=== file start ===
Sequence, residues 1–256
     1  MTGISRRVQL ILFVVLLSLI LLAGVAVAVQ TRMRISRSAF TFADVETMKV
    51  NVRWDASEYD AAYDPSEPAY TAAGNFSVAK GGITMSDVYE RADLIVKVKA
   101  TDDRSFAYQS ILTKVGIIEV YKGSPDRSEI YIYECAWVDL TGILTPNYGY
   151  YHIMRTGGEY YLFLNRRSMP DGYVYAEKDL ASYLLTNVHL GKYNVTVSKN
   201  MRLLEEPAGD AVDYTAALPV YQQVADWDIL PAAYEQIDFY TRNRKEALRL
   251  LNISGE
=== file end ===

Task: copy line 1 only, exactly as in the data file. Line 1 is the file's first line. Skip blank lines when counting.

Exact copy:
Sequence, residues 1–256